Yeah, I met this problem recently about how to handle version mismatch between client and server.
Say we are serving version 1 on both client and server.
Everything works fine, since all version are matched.
Now we are going to bump to version 2. But we are facing a problem: There could be a version mismatch between client and server, like the illustration below.
It could be led by following reasons:
1. version mixed among servers
When we have multiple servers exposed through load balancer, since we cannot deploy new version to all server at same time, there could be a (relatively short) period of time that two version both exist among our servers, when requests from clients land, it might land to different versions.
This could result in the mismatch of
Old client <-> New Server and
New client <-> Old Server, which is colored in below illustration
2. stale static resources on client
Yeah, static resources are often cached, by CDN/browser/Service Workers, if users don’t refresh the web page, it is not refetched and stays at the old version.
This could result in the mismatch of
Old client <-> New Server
Impact of the Problem
The impact of this problem varies on your app’s architecture, if you only have one server and not much client-side work, then I guess it is fine.
Yet for most of us building rich web apps on the client-side, generally this is something we should avoid.
I categorize the impact into 2 categories based on what your server is serving.
pure data dependencies: Meaning your server is only serving data through API, and the initial bootstrap code. This is clean separation.
component dependencies:This is more complex, for example if you are dynamically serving page route because of some authentication .etc. Generally it means client-side loader send a request and serve returns some script.
From the client-side perspective, any unexpected change would result in a unexpected state. It could results in errors, or users unable to finish some interaction flows.
versions between client and server should be matched, at least mixing state should be avoided.
How to handle the problem?
Sticky Sessions on Load Balancers
Sticky Sessions on load balancers could ensure client-side requests always land on the same server.
This solves the
New Client <-> Old Server case, so we only need to focus on
Old Client <-> New Server case
Let server know current client version
This is a concept pretty familiar in the API versioning.
When we we change the API response
- if to add some fields for new client => we can safely add them
- if to modify or remove some fields => version it.
If there is only data dependencies being serve, then API versioning is enough.
For component dependencies, we can achive something similar.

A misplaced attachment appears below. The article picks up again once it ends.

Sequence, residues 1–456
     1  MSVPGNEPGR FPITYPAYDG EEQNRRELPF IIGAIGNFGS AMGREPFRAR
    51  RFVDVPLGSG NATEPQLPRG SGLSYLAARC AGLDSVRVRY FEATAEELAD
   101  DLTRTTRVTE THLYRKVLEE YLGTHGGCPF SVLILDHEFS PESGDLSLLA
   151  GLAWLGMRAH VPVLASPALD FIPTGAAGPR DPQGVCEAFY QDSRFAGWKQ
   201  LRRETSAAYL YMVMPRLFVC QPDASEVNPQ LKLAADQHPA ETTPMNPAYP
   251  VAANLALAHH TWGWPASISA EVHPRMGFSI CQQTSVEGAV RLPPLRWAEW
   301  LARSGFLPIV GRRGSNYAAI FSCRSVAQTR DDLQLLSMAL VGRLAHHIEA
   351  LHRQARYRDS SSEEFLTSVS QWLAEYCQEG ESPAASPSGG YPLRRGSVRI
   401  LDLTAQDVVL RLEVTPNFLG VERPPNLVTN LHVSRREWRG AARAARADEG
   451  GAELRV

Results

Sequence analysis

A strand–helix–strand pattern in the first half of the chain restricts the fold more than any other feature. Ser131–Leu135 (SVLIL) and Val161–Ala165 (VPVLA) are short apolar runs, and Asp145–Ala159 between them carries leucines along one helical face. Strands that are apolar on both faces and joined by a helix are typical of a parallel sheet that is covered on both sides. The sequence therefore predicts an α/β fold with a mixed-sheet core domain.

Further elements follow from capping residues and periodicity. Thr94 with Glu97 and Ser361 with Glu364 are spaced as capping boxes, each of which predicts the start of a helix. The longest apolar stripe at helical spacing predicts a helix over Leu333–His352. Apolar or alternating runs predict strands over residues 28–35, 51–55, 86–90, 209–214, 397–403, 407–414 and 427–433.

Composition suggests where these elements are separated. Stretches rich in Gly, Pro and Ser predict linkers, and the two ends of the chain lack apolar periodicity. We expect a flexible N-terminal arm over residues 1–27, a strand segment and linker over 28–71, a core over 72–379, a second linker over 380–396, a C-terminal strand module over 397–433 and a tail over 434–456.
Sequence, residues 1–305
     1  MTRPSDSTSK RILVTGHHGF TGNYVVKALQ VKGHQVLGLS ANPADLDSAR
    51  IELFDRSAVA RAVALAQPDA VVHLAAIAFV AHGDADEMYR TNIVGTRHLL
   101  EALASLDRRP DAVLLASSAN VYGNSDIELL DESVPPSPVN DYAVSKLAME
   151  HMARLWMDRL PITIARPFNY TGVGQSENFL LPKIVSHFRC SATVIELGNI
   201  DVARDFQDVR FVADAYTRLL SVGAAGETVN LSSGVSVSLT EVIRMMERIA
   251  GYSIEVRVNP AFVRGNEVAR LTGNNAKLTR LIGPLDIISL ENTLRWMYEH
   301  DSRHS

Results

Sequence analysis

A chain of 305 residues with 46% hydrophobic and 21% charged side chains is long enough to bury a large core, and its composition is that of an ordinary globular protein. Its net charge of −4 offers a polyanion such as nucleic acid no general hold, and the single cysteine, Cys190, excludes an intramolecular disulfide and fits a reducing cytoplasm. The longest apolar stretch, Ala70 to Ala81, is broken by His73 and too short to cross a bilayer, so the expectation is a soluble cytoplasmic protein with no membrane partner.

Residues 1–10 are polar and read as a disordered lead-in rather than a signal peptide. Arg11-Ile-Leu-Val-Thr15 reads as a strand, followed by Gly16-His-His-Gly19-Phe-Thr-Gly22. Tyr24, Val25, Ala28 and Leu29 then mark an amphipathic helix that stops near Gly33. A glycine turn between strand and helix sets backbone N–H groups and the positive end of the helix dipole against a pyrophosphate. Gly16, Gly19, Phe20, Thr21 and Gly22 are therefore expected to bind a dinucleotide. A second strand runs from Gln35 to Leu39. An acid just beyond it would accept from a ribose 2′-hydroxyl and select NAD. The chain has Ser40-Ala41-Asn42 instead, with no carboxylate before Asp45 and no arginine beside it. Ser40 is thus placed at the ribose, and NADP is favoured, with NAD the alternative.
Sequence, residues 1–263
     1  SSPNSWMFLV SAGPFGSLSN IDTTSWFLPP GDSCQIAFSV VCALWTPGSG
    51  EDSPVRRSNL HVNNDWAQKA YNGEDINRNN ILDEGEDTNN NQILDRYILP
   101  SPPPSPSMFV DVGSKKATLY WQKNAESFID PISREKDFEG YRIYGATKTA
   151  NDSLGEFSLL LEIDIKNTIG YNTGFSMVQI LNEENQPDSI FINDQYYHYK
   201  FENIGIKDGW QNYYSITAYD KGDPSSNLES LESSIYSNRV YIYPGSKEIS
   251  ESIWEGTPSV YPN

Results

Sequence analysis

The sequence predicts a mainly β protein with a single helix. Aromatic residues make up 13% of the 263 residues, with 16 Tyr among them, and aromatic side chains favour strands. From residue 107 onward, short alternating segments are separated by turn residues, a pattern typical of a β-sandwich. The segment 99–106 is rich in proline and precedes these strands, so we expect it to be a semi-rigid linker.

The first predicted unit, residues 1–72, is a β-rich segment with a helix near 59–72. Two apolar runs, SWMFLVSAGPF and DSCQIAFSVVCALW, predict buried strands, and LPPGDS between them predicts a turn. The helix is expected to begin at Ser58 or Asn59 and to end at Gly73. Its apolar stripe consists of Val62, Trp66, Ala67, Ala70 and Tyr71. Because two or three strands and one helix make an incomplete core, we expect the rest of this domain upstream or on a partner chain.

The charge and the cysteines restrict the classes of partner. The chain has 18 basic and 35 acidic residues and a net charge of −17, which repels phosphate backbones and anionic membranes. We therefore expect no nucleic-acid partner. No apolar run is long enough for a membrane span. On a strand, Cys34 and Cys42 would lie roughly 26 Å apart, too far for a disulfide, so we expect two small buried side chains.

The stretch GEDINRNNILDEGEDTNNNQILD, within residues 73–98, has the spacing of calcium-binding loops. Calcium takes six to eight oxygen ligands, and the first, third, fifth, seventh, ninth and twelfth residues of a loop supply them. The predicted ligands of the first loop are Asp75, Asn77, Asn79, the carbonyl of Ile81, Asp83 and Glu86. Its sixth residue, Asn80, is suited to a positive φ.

- when build our static resources, store current the version in the server
- when serving some dynamic stuff, compare the client-side version from cookie and the version needed
- serve differently based on the results (or fallback plan, you can force showing a popup to ask users to refresh)
- remove the backward compatibility after some time.
For above to work, we need to make sure old static resources are served as well on our servers.
Just like we cannot support all old versions of Native Apps, we cannot keep the backward compatibility for ever. So we need to delete them after some time, this could be done by monitering the version passed along, by simply counting them and set up a threshold.
Does hash-based versioning help?
By has-based versioning I mean we hash each module based on its content, which results different versions for each module rather than a single version number.
It could save us some storage because we are only building the modules that is modified, but storage is cheap, not that helpful.
Speaking of backward compatibility, it actually doesn’t help much, because we are still facing the issue, but rather than one single versioning, we are comparing on a version graph.
It doesn’t help because we still need to differentiate old client and serve the old version component anyway.
How does Next.js solve it?
Not sure, I guess not and I’d love to find out but first I need to understand how Next.js bundles its resources.
The problem I mentioned really depends on how you architect your Apps, it might not be a problem, but the general idea should hold true, that is we need to avoid mixed version in the whole user experience.
The way to solve it is to let server know what version current client is using and do backward compatibility